Ensure users get my updated assets (.js, .css, etc.) following a Pages deployment?

When you deploy your assets the client pulls them down to the browser cache. This is good, up until the assets (esp. .js modules) are updated and redeployed to the same endpoint. The client continues to get the old, cached code.

My static site is deployed via Cloudflare Pages. When I visit the site at _____.pages.dev (the origin server), everything just works (updated assets are refreshed) but if I hit the custom domain directly (I have it set to Proxy, not DNS Only) they are not. How should I be configuring things so that whenever I deploy updates all users can expect to get them?

I believe I understand what’s happening now. The Cloudflare cache is kept via the Proxy setting even after a Pages deployment. Clearing the Cloudflare cache (Everything) after every deployment is necessary to solve the issue.

Alternately, one can eliminate the Proxy and use DNS Only since one presumes Pages already enjoys all the benefits Cloudflare provides. This way, there is no need to clear the cache on every deployment.

Pages has internal cache that isn’t reflected via the cache headers (its just KV). You can make a Cache Rule to stop caching on your custom domain


under Caching → Cache Rules → Create Rule.

This way you don’t need to manually purge, and you still get all the features of proxying (your domain’s waf/page rules/other rules/etc).

Most frameworks these days use asset names with hashes in them that also avoids the cache issue entirely, CF cache by default is only on js/css/images and a few other extensions, not html.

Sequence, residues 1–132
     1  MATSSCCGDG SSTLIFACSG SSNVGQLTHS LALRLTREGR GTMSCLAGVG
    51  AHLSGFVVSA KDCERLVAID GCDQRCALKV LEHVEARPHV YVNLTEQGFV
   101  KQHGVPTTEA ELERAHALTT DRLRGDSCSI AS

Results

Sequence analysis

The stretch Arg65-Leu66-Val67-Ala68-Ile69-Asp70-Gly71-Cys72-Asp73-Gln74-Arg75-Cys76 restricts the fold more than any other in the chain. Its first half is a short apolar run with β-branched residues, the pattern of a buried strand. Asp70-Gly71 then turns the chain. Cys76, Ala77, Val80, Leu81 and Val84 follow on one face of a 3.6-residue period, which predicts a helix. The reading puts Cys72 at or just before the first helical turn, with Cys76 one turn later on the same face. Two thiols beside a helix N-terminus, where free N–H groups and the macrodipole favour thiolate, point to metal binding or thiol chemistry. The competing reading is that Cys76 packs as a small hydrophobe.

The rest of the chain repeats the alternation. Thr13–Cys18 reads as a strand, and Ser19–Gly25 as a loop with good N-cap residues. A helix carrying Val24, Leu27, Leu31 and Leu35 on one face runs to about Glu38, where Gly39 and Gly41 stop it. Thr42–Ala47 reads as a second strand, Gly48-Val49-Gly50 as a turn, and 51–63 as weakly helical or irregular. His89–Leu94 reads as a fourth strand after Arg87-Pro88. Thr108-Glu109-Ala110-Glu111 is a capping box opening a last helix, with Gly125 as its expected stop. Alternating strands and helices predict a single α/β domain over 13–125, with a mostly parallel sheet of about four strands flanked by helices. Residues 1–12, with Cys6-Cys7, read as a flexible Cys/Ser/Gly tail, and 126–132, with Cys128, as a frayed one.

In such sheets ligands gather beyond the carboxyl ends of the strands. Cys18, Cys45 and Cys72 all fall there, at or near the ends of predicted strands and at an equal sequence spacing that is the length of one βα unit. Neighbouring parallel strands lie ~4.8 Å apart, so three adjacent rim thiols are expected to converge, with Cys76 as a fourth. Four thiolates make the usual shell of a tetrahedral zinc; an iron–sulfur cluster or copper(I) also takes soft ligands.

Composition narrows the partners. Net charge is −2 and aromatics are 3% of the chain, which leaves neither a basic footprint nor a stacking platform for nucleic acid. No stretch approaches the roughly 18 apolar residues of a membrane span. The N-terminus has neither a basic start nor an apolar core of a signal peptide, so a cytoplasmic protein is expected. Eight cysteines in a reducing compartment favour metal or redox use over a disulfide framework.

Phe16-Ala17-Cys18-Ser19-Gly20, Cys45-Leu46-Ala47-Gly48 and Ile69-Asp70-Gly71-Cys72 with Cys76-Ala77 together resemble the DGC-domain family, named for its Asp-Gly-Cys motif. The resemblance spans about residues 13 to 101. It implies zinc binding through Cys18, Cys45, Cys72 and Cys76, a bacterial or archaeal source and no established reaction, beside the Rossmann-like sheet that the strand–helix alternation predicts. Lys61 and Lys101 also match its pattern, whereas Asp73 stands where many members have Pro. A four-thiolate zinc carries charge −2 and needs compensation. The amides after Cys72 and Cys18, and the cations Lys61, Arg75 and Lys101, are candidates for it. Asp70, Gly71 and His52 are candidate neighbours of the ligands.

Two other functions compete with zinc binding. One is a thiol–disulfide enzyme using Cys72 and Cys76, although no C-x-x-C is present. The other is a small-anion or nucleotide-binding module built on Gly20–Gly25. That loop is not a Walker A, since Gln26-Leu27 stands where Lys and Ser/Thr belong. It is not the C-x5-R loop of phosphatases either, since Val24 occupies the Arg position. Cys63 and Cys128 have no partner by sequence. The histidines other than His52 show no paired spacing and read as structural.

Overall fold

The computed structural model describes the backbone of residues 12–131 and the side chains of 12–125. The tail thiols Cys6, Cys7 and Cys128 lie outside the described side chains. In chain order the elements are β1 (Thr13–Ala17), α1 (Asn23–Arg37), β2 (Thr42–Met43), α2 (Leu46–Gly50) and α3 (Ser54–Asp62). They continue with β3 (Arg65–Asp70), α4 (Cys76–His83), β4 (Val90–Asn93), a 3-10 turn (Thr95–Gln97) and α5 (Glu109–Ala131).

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I actually tried that path already and you’re right, bypassing the cache does work but the trade off is obvious: no caching.

I believe I found the best of both worlds in the solution I proposed. I will do more testing over the coming week and report back if my conclusion proves otherwise.

Thank you for the response.

Pages already has internal cache, putting your own caching above it is redundant. Although Pages internal cache (kv) can be bit slower then normal cache, it’s marginal, and at worst you’re fragmenting it by having two caches on top of each other.

If purging cache works for you and you always remember that’s great, I think just disabling the normal cache works better for most people though. If you were to disable proxy, you’d also be back to just normal pages internal cache (which is also what you get on the pages.dev directly)

I see. I guess I figured I could use DNS Only and having Pages built on Cloudflare’s platform, I’d have all of the benefits Cloudflare provides inherent to the Proxy with just Pages serving requests. But, in rereading what you wrote, maybe you’re saying that’s not the case, that the Proxy would provide something (even with a rule to bypass caching) that Pages by itself would not.

Most frameworks these days use asset names with hashes in them that also avoids the cache issue entirely, CF cache by default is only on js/css/images and a few other extensions, not html.

Right. I see that practice, but I don’t like having to add the query string/hash to all imports even programmatically. When I need cache bust myself, I put my cachable assets in a release folder (e.g. r20240503) and use relative imports. Fortunately, with the way Pages handles caching, none of this is necessary.

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